A quick search on the role of compiler brings up the following:

A compiler is a special program that processes statements written in a particular programming language and turns them into machine language or "code" that a computer's processor uses.

However, I also read that every language needs to have a target runtime system and programs written in that language execute in the context of the runtime system.

Adding up the two, it appears that a compiler converts programs into bits understandable by the runtime system and the runtime system acts as the agent interpreting the bits, translating them to the processor intructions. Is this correct? If not, how else are compiler and runtime system related?

And if the above is correct, it would imply the following:

  1. two executables compiled from programs with identical logic written in different languages would not be identical
  2. with people typically installing several programs from disparate sources, an average machine would have to have dozens of runtimes which doesn't seem to be the case.

What am I missing here?


1 Answer 1


I just looked on my machine (which is running macOS Sierra), and I found four runtime systems for C and C++ alone:


They're not huge; only about 10kB each. Small enough that if you statically linked them to a typical program they would barely register. Still, there they are.

I'm certain that I have a bunch of others for different languages, too: Python and Java are fairly standard. Emacs seems to come pre-installed so there's a Lisp-like language. There's probably a Swift runtime if I look hard enough. And, of course, that's not including all the languages I installed myself because I like collecting programming languages.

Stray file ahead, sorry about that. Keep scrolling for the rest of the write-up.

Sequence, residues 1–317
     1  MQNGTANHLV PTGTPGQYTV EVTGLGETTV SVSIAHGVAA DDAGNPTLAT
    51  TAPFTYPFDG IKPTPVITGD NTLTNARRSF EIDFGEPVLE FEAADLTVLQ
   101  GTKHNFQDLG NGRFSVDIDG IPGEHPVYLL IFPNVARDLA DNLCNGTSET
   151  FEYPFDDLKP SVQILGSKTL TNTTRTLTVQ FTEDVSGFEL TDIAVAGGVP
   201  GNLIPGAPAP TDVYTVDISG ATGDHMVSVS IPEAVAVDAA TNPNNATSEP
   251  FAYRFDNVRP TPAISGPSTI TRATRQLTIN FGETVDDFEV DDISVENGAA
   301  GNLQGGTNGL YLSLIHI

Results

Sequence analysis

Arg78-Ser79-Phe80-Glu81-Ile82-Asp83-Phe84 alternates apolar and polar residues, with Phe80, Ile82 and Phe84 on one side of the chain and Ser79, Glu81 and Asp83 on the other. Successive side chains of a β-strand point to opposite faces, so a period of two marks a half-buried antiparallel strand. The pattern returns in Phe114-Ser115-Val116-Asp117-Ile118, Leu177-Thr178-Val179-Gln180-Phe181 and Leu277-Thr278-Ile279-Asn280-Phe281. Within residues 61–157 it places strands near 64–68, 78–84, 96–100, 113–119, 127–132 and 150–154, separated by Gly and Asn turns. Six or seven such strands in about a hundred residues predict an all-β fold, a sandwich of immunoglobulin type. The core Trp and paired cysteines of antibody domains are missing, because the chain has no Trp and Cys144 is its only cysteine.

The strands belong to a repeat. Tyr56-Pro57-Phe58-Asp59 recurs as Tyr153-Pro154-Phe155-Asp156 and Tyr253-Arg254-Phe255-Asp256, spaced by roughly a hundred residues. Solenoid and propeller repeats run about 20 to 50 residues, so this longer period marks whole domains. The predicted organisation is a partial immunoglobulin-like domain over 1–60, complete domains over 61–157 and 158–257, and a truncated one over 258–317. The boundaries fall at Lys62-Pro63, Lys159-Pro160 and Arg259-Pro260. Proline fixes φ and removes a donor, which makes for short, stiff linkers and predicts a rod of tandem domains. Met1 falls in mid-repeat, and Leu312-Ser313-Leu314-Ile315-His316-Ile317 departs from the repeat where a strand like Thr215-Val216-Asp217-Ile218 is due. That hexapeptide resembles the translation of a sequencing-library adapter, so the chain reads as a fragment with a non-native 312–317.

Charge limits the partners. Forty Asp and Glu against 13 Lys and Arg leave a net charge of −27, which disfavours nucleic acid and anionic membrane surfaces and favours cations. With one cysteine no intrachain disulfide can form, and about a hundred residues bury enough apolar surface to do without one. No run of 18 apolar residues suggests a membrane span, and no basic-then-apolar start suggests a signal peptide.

Many modern operating systems are designed with C in mind (in that their system call APIs are C calls), and many languages with a "foreign function" interface support C natively because so many third-party libraries support a C API. So runtimes for many languages are often built on top of the C runtime.

It's useful to think of a runtime system as some kind of virtual machine. However, many programming languages do compile to machine code, so the job that the runtime system has to do can be as simple as initialisation and shutdown only, with nothing further needed while the program is running.

For example, a typical runtime for C and C++ (they are often shared these days) has to perform the following initialisation before any C code is run:

  • Set up the C stack.
  • Initialise any standard library data structures that need to be initialised (e.g. atexit or stdin/stdout/stderr).
  • Invoke static constructors (e.g. for C++).
  • Process command-line arguments and environment variables to pass to main().
  • Call main().

There's nothing here that really corresponds to interpreting the output of the compiler, with the possible exception of information that the compiler generates about static constructors.

Even for compiled languages, however, the runtime may provide subroutines to support source-level operations for which it would be wasteful or inconvenient for the compiler to generate code.

Exceptions in C++ are one example. Another is where some particular platform doesn't have a suitable instruction; many 32-bit platforms don't have a native 64-bit division instruction, but the compiler may still want to support 64-bit integers.


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